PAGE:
Palesa Nomanzi Shongwe is a South African born filmmaker and scholar. Her career in film began in 2004 as a script editor. Since then, she has worked as researcher, development producer, story-liner and script writer. Between 2015 and 2019, she joined the Film and Television Department at the University of the Witwatersrand’s School of Arts, as a lecturer in film history, theory and screenwriting. In 2019, she returned to independent filmmaking as a writer/director. She has written and directed two short films, Atrophy (and the fear of fading) 2010, which won the Ecumenical Jury Prize at the Oberhausen Short Film Festival in 2011 and has been featured at numerous festivals, including most recently, Vision Du Reel and VideoEx; and uNomalanga and the Witch (2015), which won Best Short Film at the Durban International Film Festival (2015) and The Baobab Short Film Prize at Film Africa, UK (2016). She was most recently part of the 5x5x5 Documentary Residency Program for which she completed her most recent experimental documentary 11 to 19.
Dominique Little is a South African filmmaker, actor (under the name Xavi Ocean) living in New York City. Her work explores our perception of reality, relationship to truth, the human struggle and beauty within. In Johannesburg she ran a creative collective whose works in film and design provoke thought and drive shift (currently in post-production with This Is Fiction™ – a docu-fiction film about millennial subculture stereotypes in Johannesburg. She is an actor whose photojournalistic background largely influences the way in which she sees story and the multiplicity of the human experience. She strongly believes in the power of performance art, in its provision of vicarious experience, allowing people to engage with realities both in and outside of themselves, that they otherwise wouldn’t. Incredibly grateful to play the small role she has through the edit, in visually bringing Alex’s noteworthy work to a greater audience.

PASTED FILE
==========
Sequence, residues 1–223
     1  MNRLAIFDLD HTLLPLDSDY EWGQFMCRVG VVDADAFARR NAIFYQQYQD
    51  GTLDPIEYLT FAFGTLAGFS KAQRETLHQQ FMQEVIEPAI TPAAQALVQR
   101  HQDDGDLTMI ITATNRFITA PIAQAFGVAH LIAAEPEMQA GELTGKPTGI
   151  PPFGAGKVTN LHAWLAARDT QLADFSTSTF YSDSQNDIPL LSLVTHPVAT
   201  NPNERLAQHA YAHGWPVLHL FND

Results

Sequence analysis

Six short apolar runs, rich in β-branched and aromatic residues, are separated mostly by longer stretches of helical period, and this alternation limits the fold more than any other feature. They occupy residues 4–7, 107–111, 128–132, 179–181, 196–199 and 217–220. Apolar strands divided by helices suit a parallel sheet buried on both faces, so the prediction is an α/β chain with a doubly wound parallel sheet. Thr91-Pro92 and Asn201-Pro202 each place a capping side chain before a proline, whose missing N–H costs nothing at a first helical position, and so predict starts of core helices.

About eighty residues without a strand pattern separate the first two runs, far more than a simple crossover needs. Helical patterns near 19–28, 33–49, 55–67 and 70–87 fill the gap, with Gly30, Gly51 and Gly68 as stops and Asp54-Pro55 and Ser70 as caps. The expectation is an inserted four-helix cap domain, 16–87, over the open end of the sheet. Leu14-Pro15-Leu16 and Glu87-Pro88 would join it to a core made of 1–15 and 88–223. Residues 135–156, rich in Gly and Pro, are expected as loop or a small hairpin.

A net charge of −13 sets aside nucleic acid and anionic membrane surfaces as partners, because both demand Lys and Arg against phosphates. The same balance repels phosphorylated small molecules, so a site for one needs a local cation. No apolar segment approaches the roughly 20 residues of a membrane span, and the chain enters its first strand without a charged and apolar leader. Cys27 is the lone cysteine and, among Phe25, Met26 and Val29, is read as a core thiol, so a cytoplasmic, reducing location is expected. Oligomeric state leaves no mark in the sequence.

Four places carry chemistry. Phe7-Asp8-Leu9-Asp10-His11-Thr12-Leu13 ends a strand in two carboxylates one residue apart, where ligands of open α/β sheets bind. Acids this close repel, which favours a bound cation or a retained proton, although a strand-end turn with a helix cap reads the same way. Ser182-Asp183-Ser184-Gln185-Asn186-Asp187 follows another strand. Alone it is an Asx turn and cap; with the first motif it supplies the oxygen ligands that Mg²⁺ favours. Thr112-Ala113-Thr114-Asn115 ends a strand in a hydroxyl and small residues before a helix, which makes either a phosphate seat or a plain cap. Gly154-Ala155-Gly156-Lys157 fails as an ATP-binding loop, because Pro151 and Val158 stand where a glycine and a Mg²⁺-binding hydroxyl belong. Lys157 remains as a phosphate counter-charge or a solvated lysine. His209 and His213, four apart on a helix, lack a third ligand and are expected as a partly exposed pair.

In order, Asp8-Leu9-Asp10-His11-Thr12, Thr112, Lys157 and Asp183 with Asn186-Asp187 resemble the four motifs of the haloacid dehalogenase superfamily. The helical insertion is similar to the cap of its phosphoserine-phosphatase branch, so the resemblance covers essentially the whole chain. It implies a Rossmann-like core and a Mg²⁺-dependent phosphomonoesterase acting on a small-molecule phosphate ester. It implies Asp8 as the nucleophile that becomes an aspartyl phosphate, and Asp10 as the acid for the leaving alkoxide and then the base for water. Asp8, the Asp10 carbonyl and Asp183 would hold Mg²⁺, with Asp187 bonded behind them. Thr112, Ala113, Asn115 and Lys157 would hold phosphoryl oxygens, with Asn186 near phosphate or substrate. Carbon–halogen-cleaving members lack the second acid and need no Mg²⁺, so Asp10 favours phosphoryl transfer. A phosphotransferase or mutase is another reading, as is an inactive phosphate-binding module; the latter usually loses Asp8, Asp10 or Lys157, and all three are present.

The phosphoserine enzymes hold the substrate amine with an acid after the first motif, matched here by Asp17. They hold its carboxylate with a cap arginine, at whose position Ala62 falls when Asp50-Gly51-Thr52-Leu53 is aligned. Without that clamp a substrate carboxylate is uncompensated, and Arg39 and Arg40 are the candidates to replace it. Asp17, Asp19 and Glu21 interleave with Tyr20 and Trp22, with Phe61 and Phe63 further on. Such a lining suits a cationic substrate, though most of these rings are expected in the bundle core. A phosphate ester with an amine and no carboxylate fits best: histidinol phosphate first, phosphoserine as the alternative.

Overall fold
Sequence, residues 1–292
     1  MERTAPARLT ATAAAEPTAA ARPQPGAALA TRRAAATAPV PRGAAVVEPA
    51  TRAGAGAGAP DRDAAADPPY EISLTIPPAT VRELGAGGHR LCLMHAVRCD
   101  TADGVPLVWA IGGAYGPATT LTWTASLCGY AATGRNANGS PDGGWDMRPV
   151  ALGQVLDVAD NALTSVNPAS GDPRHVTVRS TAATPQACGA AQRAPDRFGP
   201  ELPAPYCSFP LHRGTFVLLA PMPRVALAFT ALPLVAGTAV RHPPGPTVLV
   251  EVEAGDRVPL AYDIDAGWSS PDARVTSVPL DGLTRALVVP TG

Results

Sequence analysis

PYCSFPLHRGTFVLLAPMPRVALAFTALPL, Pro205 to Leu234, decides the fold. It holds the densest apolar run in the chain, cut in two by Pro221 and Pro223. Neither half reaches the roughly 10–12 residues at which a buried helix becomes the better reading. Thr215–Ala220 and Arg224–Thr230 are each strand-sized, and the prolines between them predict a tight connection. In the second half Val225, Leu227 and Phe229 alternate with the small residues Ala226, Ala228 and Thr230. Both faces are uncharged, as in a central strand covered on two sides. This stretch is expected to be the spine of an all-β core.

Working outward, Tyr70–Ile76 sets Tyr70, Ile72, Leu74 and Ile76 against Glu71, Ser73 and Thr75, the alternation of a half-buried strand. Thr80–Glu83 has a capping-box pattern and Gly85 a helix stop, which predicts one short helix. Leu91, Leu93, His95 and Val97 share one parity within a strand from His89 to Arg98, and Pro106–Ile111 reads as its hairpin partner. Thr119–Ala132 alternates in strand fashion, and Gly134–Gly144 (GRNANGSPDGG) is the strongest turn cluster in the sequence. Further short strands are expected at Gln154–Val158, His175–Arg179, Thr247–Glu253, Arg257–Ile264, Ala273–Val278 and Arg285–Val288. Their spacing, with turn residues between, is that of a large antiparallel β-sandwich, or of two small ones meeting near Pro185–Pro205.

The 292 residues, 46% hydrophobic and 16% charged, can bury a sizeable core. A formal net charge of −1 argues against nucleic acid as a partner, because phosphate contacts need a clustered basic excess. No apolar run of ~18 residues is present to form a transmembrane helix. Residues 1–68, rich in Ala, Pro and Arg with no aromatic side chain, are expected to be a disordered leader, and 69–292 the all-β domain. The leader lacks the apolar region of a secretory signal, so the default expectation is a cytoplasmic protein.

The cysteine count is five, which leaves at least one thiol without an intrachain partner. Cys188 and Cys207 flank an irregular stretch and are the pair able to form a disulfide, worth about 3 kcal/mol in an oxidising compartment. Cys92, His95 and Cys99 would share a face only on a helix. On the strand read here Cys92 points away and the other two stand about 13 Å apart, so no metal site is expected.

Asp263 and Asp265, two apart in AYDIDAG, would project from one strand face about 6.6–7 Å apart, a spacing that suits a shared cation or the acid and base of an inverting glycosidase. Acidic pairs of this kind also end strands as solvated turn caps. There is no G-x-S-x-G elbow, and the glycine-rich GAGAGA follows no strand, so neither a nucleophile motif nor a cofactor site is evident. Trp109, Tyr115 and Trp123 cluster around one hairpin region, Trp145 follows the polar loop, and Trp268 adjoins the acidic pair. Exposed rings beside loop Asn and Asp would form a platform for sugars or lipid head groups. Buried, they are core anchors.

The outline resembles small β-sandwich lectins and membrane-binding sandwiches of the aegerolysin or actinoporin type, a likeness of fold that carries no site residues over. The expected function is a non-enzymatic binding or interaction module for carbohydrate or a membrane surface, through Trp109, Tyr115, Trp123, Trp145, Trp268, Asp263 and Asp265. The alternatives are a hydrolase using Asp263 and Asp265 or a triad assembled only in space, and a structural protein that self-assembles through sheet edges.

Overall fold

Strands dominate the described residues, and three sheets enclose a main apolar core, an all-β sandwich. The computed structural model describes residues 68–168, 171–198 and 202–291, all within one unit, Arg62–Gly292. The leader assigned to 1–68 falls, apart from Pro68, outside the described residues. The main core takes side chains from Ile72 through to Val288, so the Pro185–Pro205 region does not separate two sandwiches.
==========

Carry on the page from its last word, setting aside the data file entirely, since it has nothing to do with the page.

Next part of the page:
Baeletsi Tsatsi is a storyteller, writer and facilitator. She studied at the Market Laboratory, the International School of Storytelling and the Center for Biographical Storytelling. She won the J.J Renaux Emerging Storyteller Grant Award in 2018. Her stories are distributed by FunDza, Cover2Cover and Book Dash. She is currently a storyteller in residence at Play Africa’s African Storytelling Project, happening in collaboration with ASSITEJ SA and the Goethe Institut.
Toni Morkel has been working in theatre for many years. She works as performer, director and teacher but her favourite space is workshopped theatre where she’s involved in the creation of new work from the ground up. Izithombe 2094 was one of Morkel’s highlights.
Lindiwe Matshikiza is an artist working with writing, directing (and sometimes performance) in a variety of media and modes. She uses her background and training in theatre-making as a base from which to approach other kinds of work, often collaborative, exploratory projects that take on more than one form over time. Matshikiza is co-founder and co-director of Mother Box: Organisation for Cooperation in the Arts, a non-profit, artist-led organisation looking at collaborative arts processes and finding ways to articulate them. She is also a trained ecdysiast performing under the alias The Secret Life of Plants, and a vinyl collector, selector and mixtape producer known as ‘girl blue’.